Become Your Child's Summer Teacher
by Sam Glyn Nava, B.S.Ed, M.S.CCC-SLP
Alphabet Kids Director of Educational Resources
Read with your child! Hopefully as you read some of these tips, you'll say to yourself: "Hey, I already do that!" If so, that's great and give yourself a nice pat on the back!  Now that it's summer, we don't want to bog you down with too many rules and instructions of things to do. Maybe as you're reading, you will find some new ideas you can incorporate into activities you already do to keep your child's mind focused and stimulated while having summer fun.
  1. Reading Comprehension Questions: While your child is reading ask him/her questions that pertain to the story.  This will help to make the story more interesting for your child and make sure that he/she is understanding what is being read.  Fun tip: you may even want to make a trivia game about the details or the story for when the book is finished.
  2. Money, Money, Money!!!:  Allowing your child to count, add and subtract money when you are paying or receiving change is a great way to help him/her with basic math skills as well as become more familiar with coins and bills. Fun addition: you may want to see if you can collect quarters from all of the 50 states!
  3. Stop Bugging Me!: Usually in the summer months we don't want to see bugs around the house, but letting your child explore bugs or other critters is a great way to get him/her interested in science.  Can you find two different bugs and compare and contrast them?  Fun bonus: do some research with your child about the found bugs, you may both be surprised at how some creepy crawlers benefit our ecosystem.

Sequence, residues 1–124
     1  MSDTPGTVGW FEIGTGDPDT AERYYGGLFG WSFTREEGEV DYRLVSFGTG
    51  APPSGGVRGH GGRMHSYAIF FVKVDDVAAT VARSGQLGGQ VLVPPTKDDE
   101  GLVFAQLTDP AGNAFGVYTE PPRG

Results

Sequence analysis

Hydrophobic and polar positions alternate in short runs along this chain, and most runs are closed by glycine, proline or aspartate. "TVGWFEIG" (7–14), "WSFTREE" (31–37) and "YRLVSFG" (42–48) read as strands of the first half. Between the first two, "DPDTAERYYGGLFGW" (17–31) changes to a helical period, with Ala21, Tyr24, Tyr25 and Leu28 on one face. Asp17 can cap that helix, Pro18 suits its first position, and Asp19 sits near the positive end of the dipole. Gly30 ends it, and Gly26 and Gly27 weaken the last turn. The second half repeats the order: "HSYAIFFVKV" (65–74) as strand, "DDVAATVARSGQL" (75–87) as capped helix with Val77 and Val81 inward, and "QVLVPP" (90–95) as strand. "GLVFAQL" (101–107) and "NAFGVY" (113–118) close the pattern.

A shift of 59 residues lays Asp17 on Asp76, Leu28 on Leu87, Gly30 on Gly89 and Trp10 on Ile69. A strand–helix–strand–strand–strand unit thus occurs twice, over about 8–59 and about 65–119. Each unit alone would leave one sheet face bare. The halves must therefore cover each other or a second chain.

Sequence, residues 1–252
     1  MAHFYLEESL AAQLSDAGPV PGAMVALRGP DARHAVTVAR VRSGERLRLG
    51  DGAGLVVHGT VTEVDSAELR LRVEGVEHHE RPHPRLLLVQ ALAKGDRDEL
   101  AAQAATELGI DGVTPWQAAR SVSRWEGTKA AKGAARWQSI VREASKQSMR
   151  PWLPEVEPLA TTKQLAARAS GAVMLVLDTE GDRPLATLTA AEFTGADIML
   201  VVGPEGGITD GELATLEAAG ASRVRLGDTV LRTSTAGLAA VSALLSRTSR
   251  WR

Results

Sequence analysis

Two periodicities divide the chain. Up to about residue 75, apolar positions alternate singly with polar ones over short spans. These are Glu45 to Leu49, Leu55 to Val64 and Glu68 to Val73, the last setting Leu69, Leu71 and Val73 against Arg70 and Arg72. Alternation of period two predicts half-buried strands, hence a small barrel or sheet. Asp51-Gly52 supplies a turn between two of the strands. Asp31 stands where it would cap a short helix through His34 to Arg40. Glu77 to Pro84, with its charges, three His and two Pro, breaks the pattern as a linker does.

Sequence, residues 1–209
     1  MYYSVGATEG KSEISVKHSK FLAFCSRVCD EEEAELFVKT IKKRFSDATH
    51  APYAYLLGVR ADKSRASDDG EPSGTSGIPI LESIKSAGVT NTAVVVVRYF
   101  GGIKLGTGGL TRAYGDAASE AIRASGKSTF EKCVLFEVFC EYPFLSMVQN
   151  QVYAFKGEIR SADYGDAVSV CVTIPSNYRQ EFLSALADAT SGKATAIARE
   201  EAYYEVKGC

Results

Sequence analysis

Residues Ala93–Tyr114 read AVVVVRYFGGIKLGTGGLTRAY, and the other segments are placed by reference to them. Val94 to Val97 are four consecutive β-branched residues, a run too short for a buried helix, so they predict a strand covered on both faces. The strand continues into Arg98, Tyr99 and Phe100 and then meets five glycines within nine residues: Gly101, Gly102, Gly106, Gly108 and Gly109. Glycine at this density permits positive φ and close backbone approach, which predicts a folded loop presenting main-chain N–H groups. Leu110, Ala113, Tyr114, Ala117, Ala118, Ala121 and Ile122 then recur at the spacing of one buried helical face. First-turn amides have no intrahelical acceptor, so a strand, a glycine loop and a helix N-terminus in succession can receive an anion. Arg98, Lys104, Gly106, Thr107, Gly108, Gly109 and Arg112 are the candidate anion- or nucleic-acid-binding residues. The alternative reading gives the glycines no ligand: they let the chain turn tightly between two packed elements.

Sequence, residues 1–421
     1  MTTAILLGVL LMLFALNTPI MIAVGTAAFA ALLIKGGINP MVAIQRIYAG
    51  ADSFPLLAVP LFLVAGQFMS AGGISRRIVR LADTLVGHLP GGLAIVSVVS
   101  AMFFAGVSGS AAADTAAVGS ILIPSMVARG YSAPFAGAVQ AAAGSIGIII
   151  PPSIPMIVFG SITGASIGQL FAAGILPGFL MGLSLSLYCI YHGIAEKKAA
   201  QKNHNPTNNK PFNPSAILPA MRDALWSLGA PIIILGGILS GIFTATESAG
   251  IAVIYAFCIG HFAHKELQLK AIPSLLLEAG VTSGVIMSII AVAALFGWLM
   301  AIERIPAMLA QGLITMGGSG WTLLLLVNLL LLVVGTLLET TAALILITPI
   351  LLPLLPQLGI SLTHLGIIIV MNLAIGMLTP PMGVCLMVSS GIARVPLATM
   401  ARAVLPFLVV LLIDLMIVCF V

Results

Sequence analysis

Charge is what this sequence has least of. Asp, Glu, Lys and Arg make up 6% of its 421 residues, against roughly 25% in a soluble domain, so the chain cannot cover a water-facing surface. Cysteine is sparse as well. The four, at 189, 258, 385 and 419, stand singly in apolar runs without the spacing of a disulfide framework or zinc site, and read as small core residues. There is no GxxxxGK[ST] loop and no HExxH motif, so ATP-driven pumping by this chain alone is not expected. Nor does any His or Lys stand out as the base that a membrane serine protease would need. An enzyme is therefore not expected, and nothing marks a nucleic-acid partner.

4. Old News: Take a trip to the library and along with your child use a microfiche (or you can simply search on the internet) for old news about your town or city.  Can you find pictures or facts about places that you commonly visit? You can create a personalized history lesson about your everyday world.  Fun bonus: Try to find the oldest buildings or monuments in your area, how old are they?
  5. Spelling Bee: Pick some wacky words (maybe they can be summer words, funny words, animal sounds, etc.) and have a little spelling bee.  Even if you use words that are not too challenging for your child, keeping kids thinking about sounds and letter combinations is important over the summer.  Fun twist: play this game at a pool or in the yard with water balloons - if kids spell the word wrong, they don't get disqualified - they get soaked!
  6. Have an International Night: In a previous newsletter we mentioned different dishes you can make from various world cultures (Travel the World from Home) - summer is a great time to do this since kids (and sometimes parents) have more free time to enjoy the foods and different customs.  Fun extra: see how immersed your family can get, language, clothing, movies, books, foods, is the limit!